Did you Have a Mean Mum? Thanks to Michael Doyle

Did you Have a Mean Mum? Thanks to Michael Doyle

Came across this in a newspaper. I didn’t write it but another Mike Doyle did. Thought you might like it (or you probably have seen it).

We had a really ‘mean’ Mom

While other kids ate candy for breakfast, we had to have cereal, eggs and toast.

When others had a Pepsi and a Twinkie for lunch, we had to eat sandwiches. And you can guess our mother fixed us a dinner that was different from what the other kids had too.

Mother insists on knowing where we were at all times. You’d think we were convicts in a prison. She had to know who our friends were, and what we were doing with them. She insisted that if we said we would be gone for an hour, we would be gone for an hour or less.

We were ashamed to admit, but she had the nerve to break the Child Labor Laws by making us work. We had to wash dishes, make the bed, learn to cook, vacuum the floor, do laundry, and all sorts of cruel jobs. I think she would lie awake at night thinking of more things for us to do.

She always insisted on telling the truth, the whole truth, and nothing but the truth. By the time we were teenagers, she could read our minds.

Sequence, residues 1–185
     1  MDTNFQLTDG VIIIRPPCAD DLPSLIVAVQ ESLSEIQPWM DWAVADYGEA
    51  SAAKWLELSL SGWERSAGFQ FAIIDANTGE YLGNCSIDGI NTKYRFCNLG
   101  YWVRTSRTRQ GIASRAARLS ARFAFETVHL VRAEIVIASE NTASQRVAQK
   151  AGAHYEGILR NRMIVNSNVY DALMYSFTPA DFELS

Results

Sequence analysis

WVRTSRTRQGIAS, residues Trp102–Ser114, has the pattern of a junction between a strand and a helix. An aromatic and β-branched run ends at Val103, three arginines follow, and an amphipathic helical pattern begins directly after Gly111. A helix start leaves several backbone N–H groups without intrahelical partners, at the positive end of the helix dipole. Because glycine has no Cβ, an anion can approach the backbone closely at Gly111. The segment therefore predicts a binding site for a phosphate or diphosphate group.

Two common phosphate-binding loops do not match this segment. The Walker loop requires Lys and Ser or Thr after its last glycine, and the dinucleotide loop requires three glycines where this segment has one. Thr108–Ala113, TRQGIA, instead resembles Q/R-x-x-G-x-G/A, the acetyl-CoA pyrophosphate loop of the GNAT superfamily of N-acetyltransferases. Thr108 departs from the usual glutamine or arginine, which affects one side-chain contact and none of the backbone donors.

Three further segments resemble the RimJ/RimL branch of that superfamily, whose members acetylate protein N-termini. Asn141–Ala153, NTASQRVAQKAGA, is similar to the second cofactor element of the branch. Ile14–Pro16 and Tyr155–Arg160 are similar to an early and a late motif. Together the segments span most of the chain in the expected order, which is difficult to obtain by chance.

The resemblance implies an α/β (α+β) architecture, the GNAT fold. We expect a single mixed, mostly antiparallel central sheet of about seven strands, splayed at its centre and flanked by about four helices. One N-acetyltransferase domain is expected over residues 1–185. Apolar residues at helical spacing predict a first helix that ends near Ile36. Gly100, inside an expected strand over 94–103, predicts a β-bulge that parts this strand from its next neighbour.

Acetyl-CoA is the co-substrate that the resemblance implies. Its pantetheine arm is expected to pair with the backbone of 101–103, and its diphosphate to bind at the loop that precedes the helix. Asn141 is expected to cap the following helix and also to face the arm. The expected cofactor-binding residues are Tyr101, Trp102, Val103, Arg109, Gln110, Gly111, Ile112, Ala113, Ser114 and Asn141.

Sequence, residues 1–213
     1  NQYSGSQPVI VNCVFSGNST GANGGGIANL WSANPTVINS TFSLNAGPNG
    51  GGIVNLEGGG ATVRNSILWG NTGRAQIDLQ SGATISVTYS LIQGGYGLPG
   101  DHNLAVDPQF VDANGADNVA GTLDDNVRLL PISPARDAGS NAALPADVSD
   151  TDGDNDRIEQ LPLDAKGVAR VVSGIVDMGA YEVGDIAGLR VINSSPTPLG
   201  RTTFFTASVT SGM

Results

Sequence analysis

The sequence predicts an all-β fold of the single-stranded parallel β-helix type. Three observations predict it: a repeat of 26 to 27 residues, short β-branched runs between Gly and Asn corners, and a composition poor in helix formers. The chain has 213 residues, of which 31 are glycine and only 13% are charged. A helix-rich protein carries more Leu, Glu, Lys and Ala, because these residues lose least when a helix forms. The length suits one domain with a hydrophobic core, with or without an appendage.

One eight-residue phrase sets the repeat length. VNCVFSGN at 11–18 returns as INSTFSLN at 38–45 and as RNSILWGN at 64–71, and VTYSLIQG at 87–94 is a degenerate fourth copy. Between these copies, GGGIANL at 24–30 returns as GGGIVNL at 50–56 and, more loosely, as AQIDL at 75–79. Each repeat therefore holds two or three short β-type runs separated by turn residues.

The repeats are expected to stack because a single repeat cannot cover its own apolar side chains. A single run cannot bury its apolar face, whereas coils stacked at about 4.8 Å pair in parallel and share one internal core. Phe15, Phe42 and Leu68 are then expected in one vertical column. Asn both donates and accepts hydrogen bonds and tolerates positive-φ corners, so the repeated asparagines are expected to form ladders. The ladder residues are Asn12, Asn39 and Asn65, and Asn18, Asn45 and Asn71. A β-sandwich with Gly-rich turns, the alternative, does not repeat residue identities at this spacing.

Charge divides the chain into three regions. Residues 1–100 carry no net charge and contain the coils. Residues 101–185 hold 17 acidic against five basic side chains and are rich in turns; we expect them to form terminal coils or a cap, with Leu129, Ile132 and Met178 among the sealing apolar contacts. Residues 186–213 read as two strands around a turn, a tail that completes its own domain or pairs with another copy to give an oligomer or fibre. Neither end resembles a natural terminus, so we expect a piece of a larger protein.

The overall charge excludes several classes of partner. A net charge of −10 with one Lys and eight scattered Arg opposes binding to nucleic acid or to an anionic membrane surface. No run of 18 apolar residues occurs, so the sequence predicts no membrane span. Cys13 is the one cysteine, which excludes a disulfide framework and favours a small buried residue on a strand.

Then, life was really tough. Mother wouldn’t let our friends just honk the horn when they drove up. They had to come up to the door so she could meet them.

While everyone else could date when they were 12 or 13, we had to wait until we were 16.

Because of our mother, we missed out on lots of things other kids experienced. None of us have ever been caught shoplifting, vandalizing others’ property, or even arrested for any crime. It was all her fault.

Now that we have left home we are all God-fearing, educated, honest adults. We are doing our best to be mean parents, just like mom was.

I think that’s what’s wrong with the world today. It just doesn’t have enough mean moms.

– Mike Doyle –

(Found this in a newspaper, but it wasn’t written by me, but I wish I had. The other Mike Doyle had a tough life too!)

More Almonte Memories – Marty Taylor’s Mum

My Journey to Become the Future Queen Mum of England

In Memory of Silver Cross Mothers — thanks to Stuart McIntosh

The Sad Lives of Young Mothers and Children in Early Carleton Place

The Sad Tale of Unwed Mothers of Days Gone By — Perth through the Ages Tour

Who Are These Mothers? — 1970’s Picnic Carleton Place or Almonte?

I will Wash Your Mouth Out with Soap!

Spittle Spatter and Dirty Faces of Yore

Today’s Child — A Look Back

Today’s Child — A Look Back

1979 Ottawa Citizen

The Ottawa Citizen